A survey by GMX last year revealed that 73 percent of British Internet users mistrust US companies over data protection concerns, which is more than double that of a similar survey in 2015 which showed that only 35 percent had such concerns. Eight percent of UK internet users have even left a US online service due to privacy concerns within the last twelve months, while 11 percent are planning to do so. The British public clearly mistrust US internet companies, a trend which may have its roots in the Snowden revelations of 2013 that showed the extent to which US intelligence agencies routinely accessed petabytes of private or company data without any good reason.
With the recent death of Privacy Shield – the most widely used mechanism for US commercial companies to transfer and store personal data from Europe in the US – following a ruling by the European Court of Justice (ECJ) in July, the inevitable question is “What happens next?” And with the UK scheduled to finish its transition out of the EU by the end of this year, how likely is a convergence in data protection policies between the UK and EU? Will the dilution of the EU’s data privacy standards that are currently signed into UK law be used as a bargaining chip to secure a trade deal with the US? The National Data Strategy recently published by the UK government leaves open the question of where it sees its priority.
The premise: Privacy Shield is no more
Privacy Shield’s days were numbered due to the GDPR (General Data Protection Regulation) stipulating that the data of European citizens must be protected regardless of its location and prohibiting European firms from transferring personal data to overseas jurisdictions with weaker privacy laws. The US does not have its own direct equivalent of the GDPR, and its data protection standards are regarded as lower than those set by the GDPR. Further adding to the concerns is the US CLOUD (Clarifying Lawful Overseas Use of Data) Act (H.R. 4943) which effectively erodes all data protection by allowing US federal law enforcement agencies to compel US-based technology companies to provide requested data stored on their servers, irrespective of whether the data resides within the US or not. In other words, even if you choose to store your data on GDPR-compliant servers in Europe, if the data is stored by a US company, it can still be handed over to US authorities.
How can European citizens feel comfortable giving their data to US companies in Europe, knowing the CLOUD law exists? The European Court of Justice had a clear answer and confirmed by its July ruling the discomfort that 73 percent of Great Britain’s internet users already felt.
Why Europe can still catch up in the digital competition
Europe may have a thriving technology sector, but none of its homegrown successes has yet reached the global scale where the standards of the global digital economy are being set. Instead of wasting time trying to find a solution for irreconcilable differences with the US regulation standards, Europe should use its data privacy leadership to its advantage. It must become a relevant technology player before it can be the bearer of better standards for the world. But there is a lot of catching up to do.
As a first step, Europe must make a level playing field. As the digital infrastructure is in the hands of dominant US players, Europe has to make sure that components such as operating systems, app stores, browsers, etc. are acting hundred percent neutrally and not abusing their position nor setting their own rules of play. Especially post Brexit, the UK will rely heavily on its service and knowledge based economy to stand up against the global competition. A level playing field like this is vital to allow the undisputedly strong British tech start-up community to flourish and break through to meaningful levels. The attempts to regulate players like Google took such a long time, and in any case fines of a couple of billion Euros did not have any effect on the market. Europe urgently needs a legal basis to secure access to digital platforms, especially those that have infrastructural character.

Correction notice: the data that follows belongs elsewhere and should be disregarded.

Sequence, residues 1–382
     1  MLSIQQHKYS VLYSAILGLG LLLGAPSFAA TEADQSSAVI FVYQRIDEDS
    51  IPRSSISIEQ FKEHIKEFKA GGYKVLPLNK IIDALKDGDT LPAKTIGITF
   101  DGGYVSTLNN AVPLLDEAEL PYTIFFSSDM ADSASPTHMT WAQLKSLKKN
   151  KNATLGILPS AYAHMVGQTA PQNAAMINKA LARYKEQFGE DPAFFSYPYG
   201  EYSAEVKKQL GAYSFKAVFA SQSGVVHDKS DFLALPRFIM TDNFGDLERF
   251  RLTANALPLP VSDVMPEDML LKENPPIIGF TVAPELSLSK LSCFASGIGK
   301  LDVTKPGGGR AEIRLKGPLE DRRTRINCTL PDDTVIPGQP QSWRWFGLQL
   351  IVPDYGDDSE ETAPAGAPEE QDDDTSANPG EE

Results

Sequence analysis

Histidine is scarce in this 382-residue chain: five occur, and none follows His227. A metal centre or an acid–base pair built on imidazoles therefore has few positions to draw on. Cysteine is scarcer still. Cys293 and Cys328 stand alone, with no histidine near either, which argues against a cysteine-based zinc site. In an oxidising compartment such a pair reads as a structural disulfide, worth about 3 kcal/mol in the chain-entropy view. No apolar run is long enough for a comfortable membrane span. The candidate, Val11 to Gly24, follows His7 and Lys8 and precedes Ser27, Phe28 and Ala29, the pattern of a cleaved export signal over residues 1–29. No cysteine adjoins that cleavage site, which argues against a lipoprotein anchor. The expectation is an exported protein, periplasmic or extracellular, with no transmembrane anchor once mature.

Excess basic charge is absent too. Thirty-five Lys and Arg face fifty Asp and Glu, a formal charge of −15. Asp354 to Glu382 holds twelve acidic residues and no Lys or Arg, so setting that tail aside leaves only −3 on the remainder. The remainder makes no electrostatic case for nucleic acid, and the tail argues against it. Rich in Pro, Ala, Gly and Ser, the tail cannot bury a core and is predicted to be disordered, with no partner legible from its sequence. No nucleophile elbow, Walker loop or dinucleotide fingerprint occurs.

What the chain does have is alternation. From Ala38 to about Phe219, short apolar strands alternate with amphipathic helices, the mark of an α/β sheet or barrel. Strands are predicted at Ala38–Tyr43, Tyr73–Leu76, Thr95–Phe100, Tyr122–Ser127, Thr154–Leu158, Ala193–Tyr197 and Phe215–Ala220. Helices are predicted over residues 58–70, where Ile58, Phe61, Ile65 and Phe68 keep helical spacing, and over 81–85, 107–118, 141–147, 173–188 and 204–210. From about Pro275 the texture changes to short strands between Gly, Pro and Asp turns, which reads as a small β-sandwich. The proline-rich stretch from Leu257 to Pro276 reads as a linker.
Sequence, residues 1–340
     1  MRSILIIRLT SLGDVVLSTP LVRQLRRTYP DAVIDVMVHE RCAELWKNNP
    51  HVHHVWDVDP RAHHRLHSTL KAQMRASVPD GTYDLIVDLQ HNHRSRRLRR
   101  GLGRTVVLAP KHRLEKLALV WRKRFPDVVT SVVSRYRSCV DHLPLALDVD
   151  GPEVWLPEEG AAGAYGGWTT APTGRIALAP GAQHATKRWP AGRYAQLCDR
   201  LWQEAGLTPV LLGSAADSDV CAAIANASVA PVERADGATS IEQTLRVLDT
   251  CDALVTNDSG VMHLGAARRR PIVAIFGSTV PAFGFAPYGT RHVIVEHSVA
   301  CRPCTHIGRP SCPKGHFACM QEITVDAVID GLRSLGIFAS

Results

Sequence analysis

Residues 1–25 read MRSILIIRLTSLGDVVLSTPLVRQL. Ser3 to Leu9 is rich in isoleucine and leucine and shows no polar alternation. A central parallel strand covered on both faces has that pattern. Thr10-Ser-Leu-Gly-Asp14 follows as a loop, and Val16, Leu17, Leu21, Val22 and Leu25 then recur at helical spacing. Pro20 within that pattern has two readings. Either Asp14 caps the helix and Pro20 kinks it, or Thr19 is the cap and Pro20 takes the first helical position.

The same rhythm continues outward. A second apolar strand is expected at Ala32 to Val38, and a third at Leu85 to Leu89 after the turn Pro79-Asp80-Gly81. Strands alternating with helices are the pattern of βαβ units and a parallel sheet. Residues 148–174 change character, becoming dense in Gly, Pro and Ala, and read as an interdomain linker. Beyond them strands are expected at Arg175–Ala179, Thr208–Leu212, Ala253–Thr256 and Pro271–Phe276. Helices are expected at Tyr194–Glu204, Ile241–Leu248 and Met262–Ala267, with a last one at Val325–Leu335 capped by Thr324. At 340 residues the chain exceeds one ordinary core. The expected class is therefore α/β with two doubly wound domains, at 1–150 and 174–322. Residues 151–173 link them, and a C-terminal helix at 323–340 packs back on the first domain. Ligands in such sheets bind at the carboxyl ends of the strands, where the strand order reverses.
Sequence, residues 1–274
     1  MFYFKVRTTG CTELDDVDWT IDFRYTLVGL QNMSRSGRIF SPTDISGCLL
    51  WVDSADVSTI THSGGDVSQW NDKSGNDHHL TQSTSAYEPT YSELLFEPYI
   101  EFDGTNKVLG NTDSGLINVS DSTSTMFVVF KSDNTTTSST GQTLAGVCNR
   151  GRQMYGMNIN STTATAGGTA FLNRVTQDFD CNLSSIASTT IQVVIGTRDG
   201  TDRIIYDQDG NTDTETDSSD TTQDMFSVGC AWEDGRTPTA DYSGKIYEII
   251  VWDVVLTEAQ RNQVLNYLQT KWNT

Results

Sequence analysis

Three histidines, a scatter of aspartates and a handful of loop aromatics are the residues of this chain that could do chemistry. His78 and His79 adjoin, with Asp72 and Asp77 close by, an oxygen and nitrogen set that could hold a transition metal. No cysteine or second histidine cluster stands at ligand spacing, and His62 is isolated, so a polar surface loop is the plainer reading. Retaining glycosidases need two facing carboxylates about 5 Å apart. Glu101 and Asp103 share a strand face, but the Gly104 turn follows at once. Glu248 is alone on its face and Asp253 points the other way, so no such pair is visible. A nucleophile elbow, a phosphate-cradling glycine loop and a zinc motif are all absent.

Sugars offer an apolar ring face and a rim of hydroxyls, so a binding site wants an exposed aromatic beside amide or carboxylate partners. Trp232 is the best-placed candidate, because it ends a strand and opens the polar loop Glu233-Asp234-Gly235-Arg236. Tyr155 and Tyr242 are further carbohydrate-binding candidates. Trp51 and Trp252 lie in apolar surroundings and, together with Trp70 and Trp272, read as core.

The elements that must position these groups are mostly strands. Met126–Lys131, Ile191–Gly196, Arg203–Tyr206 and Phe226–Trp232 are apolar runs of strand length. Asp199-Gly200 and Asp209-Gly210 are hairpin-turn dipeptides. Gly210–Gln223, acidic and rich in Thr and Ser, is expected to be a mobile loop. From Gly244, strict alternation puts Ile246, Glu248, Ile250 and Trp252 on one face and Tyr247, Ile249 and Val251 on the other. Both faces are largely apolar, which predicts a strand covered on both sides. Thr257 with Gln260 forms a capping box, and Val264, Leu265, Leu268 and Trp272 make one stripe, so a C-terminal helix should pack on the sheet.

As that alone does not generate European alternatives, the question is how one could build relevant competition. This will be achieved by pushing open standards to generate synergies within and across industries, and investing heavily to build up competitors that differentiate themselves in the European B2C and B2B markets by keeping European data in Europe.
But what about Brexit?
Is this talk of building up European tech strengths irrelevant if the UK is outside of the EU, as it will be once the transition period ends on the 31st December? Not at all. The question remains open, whether the UK will continue to uphold GDPR data protection standards enshrined in UK law (via the Data Protection Act 2018). The scope for changes will remain a possibility after Brexit, especially if they become a critical part of trade negotiations with the US. The UK has proven to be possibly the most stringent enforcer of fines for breaches in data protection. Its clear commitment to the principles of consumer protection and empowerment as well as the willingness not to just introduce standards but also to apply them is perhaps one of the most promising areas of common interest between the EU and the UK..
Time to act
Europe’s digital companies will need to work fast to agree on the necessary open standards to foster competition. At the same time, politicians will need to act just as quickly to ensure these new legal frameworks are presented as a viable alternative to those dictated by US and in the future Chinese companies. Even while acting outside of the EU post-Brexit, the UK will benefit from working with its EU neighbours on the same goals. Only by investing in Europe’s own digital industry and promoting open standards would European digital companies have a chance.